Book Club: The Septembers of Shiraz


On Sunday, July 24, 2016 at 11:30am*, our Book Club meets to discuss The Septembers of Shiraz, by Dalia Sofer Buy this book on Amazon and donate to BCC!  more details

This novel traces the story of an Iranian Jewish family in the aftermath of the Iranian Revolution of 1979. It was recently made into a movie starring Adrian Brody. The Iranian Jewish community has become very prominent in Jewish LA in the past few decades, but most Ashkenazi Jews know little about it.

*Because of the congregational meeting at 2:30 on the same day, we have changed the time to 11:30 am, so we can go directly to BCC congregational meeting.

A memorable title will surely attract readers, but when a book becomes a classic, it’s hard to say whether the title has been part of its canonization or has merely become retroactively canonical. Would “Trimalchio in West Egg,” one of Fitzgerald’s initial choices, have in time accrued the same force as “The Great Gatsby”? “The Septembers of Shiraz,” poignant once you’ve read this first novel by Dalia Sofer, is, on its own, a title at once overly poetic and misleading. An American reader might be forgiven for thinking Sofer has written a romance set in the Napa Valley, “Sideways” with Vaseline on the lens. And that would be a great shame because “The Septembers of Shiraz” is a remarkable debut: the richly evocative, powerfully affecting depiction of a prosperous Jewish family in Tehran shortly after the revolution. In this fickle literary world, it’s impossible to predict whether Sofer’s novel will become a classic, but it certainly stands a chance.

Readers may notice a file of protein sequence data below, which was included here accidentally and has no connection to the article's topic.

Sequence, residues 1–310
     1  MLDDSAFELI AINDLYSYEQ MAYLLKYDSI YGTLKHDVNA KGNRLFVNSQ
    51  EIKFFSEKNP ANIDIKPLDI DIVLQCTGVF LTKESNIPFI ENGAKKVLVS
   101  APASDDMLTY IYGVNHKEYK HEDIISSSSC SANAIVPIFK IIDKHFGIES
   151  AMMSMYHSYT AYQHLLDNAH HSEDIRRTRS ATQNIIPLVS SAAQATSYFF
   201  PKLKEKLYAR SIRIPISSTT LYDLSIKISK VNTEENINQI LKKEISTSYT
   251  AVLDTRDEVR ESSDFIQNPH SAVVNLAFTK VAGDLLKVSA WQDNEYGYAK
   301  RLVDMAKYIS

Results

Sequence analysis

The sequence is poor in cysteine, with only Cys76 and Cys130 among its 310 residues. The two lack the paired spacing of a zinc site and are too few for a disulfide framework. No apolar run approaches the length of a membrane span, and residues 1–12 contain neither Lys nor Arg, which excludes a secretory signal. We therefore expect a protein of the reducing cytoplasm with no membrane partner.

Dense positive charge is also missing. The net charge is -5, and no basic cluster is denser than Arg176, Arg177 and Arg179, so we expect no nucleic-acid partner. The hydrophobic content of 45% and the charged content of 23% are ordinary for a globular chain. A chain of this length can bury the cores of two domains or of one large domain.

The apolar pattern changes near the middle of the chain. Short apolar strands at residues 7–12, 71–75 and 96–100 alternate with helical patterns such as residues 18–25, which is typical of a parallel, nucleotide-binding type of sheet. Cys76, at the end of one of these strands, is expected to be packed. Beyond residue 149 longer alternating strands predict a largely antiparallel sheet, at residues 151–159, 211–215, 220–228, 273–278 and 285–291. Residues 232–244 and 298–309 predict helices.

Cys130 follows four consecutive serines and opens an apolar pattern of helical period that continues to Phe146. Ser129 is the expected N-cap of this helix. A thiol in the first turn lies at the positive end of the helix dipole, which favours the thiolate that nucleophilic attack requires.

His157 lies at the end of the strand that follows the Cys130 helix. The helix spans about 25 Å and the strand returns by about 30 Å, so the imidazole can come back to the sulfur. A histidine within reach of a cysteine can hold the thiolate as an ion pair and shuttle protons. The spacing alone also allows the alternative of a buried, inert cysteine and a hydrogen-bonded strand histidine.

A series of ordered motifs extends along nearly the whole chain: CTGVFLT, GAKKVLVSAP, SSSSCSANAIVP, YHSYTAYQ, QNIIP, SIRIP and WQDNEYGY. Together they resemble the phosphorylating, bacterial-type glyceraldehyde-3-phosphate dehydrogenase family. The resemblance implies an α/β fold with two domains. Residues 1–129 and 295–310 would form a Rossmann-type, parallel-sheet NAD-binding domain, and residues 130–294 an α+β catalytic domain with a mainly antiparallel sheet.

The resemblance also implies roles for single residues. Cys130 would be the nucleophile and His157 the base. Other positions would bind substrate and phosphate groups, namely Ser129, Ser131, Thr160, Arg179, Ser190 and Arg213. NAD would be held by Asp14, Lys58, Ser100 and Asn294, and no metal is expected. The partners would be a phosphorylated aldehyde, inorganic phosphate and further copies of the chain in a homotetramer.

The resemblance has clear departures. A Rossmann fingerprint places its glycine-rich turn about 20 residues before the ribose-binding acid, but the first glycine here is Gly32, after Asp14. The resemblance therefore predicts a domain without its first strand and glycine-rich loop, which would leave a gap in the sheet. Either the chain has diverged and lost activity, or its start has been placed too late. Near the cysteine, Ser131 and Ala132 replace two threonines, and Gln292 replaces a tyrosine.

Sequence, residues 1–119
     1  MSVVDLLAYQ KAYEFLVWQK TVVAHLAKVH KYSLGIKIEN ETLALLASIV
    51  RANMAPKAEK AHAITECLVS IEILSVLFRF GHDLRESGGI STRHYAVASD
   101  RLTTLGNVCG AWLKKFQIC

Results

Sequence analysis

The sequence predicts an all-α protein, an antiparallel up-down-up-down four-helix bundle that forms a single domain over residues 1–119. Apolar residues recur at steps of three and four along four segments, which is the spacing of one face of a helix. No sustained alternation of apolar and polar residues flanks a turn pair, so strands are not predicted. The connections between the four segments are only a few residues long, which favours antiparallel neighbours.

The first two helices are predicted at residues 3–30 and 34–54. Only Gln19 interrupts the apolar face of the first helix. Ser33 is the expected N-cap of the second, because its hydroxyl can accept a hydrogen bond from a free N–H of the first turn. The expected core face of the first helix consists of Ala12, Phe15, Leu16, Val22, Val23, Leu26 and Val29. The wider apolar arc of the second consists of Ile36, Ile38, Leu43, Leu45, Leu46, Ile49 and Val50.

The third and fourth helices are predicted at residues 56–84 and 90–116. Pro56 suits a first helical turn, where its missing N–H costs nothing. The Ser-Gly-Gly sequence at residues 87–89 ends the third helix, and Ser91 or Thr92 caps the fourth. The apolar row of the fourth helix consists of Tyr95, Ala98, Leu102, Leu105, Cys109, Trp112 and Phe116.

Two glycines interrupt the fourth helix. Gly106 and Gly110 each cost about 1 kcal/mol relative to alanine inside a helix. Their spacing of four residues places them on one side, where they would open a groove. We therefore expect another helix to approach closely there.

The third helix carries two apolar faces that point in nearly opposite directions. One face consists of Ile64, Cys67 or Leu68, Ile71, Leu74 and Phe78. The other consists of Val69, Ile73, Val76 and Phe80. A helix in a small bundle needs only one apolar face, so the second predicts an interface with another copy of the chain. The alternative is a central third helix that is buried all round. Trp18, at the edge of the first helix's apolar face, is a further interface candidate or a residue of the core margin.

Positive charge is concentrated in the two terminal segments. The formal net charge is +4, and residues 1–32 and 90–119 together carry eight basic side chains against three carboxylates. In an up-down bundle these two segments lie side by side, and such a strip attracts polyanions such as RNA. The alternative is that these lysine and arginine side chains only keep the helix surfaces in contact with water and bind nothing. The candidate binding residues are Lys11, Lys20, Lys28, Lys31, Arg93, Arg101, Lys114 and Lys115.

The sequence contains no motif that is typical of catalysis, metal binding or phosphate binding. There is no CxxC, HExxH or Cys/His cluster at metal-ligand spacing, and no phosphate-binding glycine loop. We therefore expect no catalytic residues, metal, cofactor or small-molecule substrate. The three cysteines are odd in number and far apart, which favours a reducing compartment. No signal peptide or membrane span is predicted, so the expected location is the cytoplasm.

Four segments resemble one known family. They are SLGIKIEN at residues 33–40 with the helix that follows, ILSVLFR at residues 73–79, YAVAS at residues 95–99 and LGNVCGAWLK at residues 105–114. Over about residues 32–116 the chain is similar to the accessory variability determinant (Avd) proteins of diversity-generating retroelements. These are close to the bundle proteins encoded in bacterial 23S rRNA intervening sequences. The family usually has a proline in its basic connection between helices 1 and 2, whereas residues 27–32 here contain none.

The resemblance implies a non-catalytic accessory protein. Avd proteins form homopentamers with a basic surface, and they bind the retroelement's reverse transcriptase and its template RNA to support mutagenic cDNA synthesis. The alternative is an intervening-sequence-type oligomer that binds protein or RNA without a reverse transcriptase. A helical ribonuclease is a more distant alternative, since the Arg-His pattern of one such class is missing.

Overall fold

Told in the third person, largely in the present tense, the intersecting narratives follow each member of the Amin family over the course of their most difficult year, from September 1981 to September 1982. Isaac, the paterfamilias, is approaching 60. A successful jeweler and gem merchant, he has — to his grave discredit and danger — been patronized by many in the aristocracy, including the wife of the shah. In the opening chapters, he is arrested by two armed Revolutionary Guards, taken from his office at lunchtime on a routine workday: “He looks down at his desk, at the indifferent items witnessing this event — the scattered files, a metal paperweight, a box of Dunhill cigarettes, a crystal ashtray and a cup of tea, freshly brewed, two mint leaves floating inside.” Continue reading in the New York Times

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